Excel represents dates and time as numbers, specifically known as date serial numbers or date-time serial numbers. When you view a date in Excel, you are actually seeing a numerical value that has been formatted to appear as a date. If you change the cell's format to 'General', the underlying date serial number will be revealed.
The integer component of the date serial number signifies the day, and the decimal portion represents the time. The counting starts from the 1st of January, 1900, which has a date serial number of 1. Be cautious though, Excel dates after the 28th of February, 1900, are actually offset by one day. This anomaly is due to a bug that was intentionally included by Microsoft for compatibility with the then market-leading spreadsheet program, Lotus 1-2-3, which incorrectly treated 1900 as a leap year.
Excel assigns each date a numeric value, starting from the 1st of January, 1900. The 1st of January, 1900, has a numeric value of 1, the 2nd of January, 1900, has a numeric value of 2, and so on. These numeric values are known as 'date serial numbers', which facilitate mathematical operations and usage in formulas.
Time in Excel also uses a serial number format, represented as decimal fractions. For example, 24 hours equate to 1 day, so 24 hours has a time serial number of 1. Likewise, 12 hours has a value of 0.50 as it represents half a day, and 1 hour is 0.41666' as it's 1/24th of a day.
In Excel, you can input various date configurations, and Excel will automatically recognize it as a date, converting it to a date serial number and applying a date format to the cell. For example, dates separated by a forward slash or hyphen will be recognized as dates. However, dates separated with a period or with spaces between numbers will be treated as text.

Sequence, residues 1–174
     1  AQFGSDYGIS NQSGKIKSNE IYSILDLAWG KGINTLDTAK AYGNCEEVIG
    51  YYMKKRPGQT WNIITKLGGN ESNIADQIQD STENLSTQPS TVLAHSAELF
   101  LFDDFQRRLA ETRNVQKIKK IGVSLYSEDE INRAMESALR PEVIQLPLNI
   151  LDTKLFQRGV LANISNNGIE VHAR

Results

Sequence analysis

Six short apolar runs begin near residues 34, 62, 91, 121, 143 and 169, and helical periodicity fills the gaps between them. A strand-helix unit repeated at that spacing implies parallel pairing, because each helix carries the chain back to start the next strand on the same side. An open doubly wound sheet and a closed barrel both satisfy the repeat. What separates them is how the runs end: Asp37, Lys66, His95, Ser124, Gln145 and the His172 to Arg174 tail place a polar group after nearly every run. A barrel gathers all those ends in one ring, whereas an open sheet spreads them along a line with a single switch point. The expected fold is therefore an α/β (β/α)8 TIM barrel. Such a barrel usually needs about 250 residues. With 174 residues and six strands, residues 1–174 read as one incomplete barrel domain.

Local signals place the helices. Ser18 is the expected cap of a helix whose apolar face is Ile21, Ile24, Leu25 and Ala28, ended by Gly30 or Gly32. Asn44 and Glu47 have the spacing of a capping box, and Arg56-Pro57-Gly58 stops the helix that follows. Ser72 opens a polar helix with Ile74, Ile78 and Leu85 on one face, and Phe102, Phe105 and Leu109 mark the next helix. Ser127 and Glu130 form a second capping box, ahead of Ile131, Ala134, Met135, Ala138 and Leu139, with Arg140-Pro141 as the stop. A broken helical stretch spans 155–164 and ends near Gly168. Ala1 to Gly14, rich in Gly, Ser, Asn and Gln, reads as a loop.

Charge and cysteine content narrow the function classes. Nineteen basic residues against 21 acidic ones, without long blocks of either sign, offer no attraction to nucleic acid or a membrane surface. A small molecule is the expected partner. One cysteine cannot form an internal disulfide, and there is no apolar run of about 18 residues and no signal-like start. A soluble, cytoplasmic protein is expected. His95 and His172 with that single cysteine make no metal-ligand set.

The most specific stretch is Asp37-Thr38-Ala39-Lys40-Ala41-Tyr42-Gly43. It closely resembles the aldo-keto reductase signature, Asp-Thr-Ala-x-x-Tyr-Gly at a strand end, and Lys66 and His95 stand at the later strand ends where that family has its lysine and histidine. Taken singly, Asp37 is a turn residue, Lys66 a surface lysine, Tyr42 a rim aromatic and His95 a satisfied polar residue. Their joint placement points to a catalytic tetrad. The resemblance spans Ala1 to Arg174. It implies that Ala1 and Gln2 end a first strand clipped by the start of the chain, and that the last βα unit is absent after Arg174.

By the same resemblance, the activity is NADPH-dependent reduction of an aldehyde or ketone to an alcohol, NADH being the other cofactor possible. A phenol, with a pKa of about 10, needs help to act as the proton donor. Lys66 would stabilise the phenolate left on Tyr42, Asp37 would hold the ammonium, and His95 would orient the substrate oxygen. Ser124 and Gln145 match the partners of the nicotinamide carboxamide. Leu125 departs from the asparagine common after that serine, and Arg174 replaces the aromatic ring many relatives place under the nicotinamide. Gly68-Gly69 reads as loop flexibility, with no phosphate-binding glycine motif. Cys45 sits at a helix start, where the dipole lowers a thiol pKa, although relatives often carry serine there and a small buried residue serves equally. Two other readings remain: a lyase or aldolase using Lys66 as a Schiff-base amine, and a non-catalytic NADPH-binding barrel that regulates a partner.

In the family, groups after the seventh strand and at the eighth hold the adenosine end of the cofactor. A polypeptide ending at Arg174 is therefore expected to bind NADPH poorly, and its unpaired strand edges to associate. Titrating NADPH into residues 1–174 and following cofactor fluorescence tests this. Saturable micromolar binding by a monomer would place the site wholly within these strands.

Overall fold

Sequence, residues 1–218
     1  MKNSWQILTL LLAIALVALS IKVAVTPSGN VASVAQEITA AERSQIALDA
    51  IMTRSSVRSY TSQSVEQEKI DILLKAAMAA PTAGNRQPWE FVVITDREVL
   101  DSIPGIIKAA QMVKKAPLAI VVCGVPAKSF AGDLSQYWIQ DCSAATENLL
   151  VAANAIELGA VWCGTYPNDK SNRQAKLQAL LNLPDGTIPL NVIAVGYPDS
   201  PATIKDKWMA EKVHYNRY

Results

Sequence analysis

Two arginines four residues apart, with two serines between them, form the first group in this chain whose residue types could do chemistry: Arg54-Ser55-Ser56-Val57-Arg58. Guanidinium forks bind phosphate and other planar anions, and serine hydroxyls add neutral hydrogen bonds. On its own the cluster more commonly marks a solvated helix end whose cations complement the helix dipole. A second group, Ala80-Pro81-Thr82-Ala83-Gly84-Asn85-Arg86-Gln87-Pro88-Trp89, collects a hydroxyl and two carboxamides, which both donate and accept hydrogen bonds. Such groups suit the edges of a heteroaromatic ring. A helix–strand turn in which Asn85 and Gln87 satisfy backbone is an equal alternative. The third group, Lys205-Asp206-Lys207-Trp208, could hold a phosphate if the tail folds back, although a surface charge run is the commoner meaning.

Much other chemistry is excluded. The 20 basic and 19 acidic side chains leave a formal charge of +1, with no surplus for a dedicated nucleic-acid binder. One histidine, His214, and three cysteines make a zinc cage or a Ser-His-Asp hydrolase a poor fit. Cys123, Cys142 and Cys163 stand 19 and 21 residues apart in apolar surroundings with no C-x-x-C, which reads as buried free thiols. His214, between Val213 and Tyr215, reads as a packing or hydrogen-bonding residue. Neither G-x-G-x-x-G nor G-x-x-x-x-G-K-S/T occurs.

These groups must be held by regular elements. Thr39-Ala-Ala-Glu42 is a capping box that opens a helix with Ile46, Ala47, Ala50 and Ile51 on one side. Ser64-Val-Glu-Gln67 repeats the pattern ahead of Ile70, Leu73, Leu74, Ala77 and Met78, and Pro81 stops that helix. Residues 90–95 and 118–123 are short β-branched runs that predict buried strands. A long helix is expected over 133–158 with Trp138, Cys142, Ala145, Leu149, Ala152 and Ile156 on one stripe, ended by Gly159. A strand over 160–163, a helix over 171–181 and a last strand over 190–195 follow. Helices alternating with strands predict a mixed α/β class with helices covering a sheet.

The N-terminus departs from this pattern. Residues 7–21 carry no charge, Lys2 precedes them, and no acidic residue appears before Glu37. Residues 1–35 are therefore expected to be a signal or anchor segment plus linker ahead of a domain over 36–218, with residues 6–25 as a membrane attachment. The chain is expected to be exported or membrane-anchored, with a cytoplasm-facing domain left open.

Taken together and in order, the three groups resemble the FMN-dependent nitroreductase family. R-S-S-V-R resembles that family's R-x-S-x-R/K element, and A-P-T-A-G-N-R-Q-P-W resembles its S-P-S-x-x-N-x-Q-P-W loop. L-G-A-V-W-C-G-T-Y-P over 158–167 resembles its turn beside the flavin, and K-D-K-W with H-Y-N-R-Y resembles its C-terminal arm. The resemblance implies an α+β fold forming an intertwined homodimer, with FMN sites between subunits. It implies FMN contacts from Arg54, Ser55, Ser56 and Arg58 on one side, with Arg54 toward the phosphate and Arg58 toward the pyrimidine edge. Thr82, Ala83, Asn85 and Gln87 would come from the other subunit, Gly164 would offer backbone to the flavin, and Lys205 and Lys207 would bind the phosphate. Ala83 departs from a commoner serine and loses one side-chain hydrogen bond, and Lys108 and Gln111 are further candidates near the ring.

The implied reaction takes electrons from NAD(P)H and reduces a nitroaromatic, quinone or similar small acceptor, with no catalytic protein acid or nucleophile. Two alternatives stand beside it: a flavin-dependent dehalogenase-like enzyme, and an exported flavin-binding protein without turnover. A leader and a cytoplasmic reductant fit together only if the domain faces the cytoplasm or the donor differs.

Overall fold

Similarly, when you enter time, a specific format of at least h:mm is required. The hour and minutes are separated by a colon without spaces on either side. If you enter a time that includes a seconds component, Excel will automatically format the cell in h:mm:ss.
You can also enter dates and times together in the same cell. In this case, Excel will manage the order for you.
Understanding that Excel treats dates and time as serial numbers makes it logical to perform math operations on these values. For example, you can add/subtract days from dates, subtract dates from each other, add times together, and subtract time from each other.
Excel offers shortcut keys for easy manipulation of dates and time. For instance, using Ctrl + ; inserts the current date, and Ctrl + Shift + ; inserts the current time.
There are few things you need to be aware of when working with dates and time in Excel:
Excel also has two date modes: the 1900 date system and the 1904 date system (used for compatibility with Excel 2008 for Mac and earlier Mac versions). In the 1904 date system, dates are calculated using 1st January 1904 as the starting point. You can switch between these systems in the Advanced Options, but do note that the chosen date setting applies to all dates within the workbook, and you should not reference workbooks that use a different date system in formulas.
To become an expert in Excel date and time, you should further explore:
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In conclusion, this guide should provide you with a robust understanding of how Excel handles dates and time, and help you leverage these functionalities in your daily work effectively.